Paul encourages the Thessalonians (and us) that we do not need to worry about God forgetting those who have died. Christ’s resurrection is a guarantee that death is no barrier to participation in the new world that arrives with Christ’s second coming. Whether we are alive or dead, our relationship with Christ is all that is necessary to be on the guest list when the Day of the Lord comes.
When Christ arrives, it will be a grand entrance, complete with fanfare. It will include “the trumpet call of God” (4:16)—language the Thessalonians would have understood to mean the return of the most victorious leader of all. Unlike any other call of the trumpet, this one raises the dead in Christ, who will join the living to welcome Christ.
We see similar themes in Paul’s first letter to the Corinthians in which he also addresses concerns about death, “the last enemy” that Christ will destroy (15:26). Paul assures the Corinthians that “the trumpet will sound, the dead will be raised imperishable, and we will be changed” (15:52). Death’s “sting” will be rendered powerless through the ultimate victory of Christ.
As we wait for the Day, we are called to make ourselves ready, “putting on faith and love as a breastplate, and the hope of salvation as a helmet” (1 Thess. 5:8). This “thief in the night” arrival will come as a surprise because no one but God knows when this will happen—but it will be the greatest surprise party ever for we who eagerly anticipate his coming.
Today’s Reading: 1 Corinthians 1:1–9
When we read about Christ’s return in 1 Corinthians, it’s important to remember the context of Paul’s letter. The church in Corinth was a deeply dysfunctional community. In Paul’s epistle, we learn of factions in the church who were committed to different leaders, scandalous sexual practices, controversies about meat sacrificed to idols, and much more. Though this Christian community was full of dysfunction, in 1 Corinthians 1:1–9, Paul identifies them as sanctified people (“saints” in King James Version language). He goes on to remind them that God has been generous to them in providing spiritual gifts and describes them as people who “eagerly wait” for Christ’s return. Paul emphasizes God’s grace (v. 4) and commitment to them: “He will . . . keep you firm to the end” (v. 8) In spite of the ways their weak faith manifests in sinful behaviors and attitudes, God’s faithfulness to them (and us) includes God’s commitment to help his people grow and transform into Christlikeness.
While chapter 1 emphasizes that God, through his grace, will keep the Corinthian Christians “firm to the end,” in the same letter, Paul describes Christ’s return and urges the Corinthians, “My dear brothers and sisters, stand firm. Let nothing move you” (15:58, emphasis added). He calls them to a resoluteness that’s inextricably part of waiting for Christ’s return. Despite their faults and failures, Paul calls them to both transformation and determination.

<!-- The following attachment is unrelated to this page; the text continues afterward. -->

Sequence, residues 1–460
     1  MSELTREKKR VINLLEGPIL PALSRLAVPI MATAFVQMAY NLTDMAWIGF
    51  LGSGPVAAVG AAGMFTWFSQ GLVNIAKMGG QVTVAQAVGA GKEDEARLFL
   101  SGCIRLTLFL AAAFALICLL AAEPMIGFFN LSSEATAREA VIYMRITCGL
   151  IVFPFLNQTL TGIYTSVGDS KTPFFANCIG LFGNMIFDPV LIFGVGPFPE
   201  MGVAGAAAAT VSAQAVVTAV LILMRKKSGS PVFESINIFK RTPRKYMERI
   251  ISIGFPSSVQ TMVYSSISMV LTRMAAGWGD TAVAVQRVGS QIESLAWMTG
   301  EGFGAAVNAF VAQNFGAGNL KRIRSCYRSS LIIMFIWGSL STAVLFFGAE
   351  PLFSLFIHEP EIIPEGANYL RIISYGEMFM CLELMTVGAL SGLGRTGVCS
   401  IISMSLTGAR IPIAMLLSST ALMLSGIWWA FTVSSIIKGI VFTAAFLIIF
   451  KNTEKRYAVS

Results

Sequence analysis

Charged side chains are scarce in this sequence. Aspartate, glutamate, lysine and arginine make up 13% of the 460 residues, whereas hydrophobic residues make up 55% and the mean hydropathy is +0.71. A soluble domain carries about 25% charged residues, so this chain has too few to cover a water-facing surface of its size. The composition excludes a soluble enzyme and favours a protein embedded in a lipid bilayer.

We see a similar picture of resoluteness in another of Paul’s letters: “While we wait for the blessed hope—the appearing of the glory of our great God and Savior, Jesus Christ,” God’s grace “teaches us to say ‘No’ to ungodliness and worldly passions” (Titus 2:11–14).
We cannot read 1 Corinthians or Paul’s other letters without noticing how strongly Paul calls out sin and dysfunction, but as 1 Corinthians 1:8–9 reveals, Paul is addressing these great concerns with a backdrop of great hope. We are called to do our part while God, in his grace, does his work in our lives.
This is an example and an encouragement for us. Chances are, most of us have had our own moments of spiritual dysfunction, but our failures ought not be our main focus. Instead, we look to Jesus, who not only has made reconciliation with God possible but who also is committed to us so that we will be presented to God as blameless when his kingdom arrives. Thank God, his faithfulness is greater than our dysfunction.
Vincent Bacote is associate professor of theology at Wheaton College. He is author of The Political Disciple: A Theology of Public Life.
Charlie Dates is senior pastor at Chicago’s Progressive Baptist Church. He holds a PhD in historical theology from Trinity Evangelical Divinity School.
Fleming Rutledge, an Episcopal priest, spent 21 years in parish ministry before becoming a writer and teacher of preachers. Her books include The Crucifixion.
Danté Stewart is a writer and preacher studying at the Candler School of Theology at Emory University.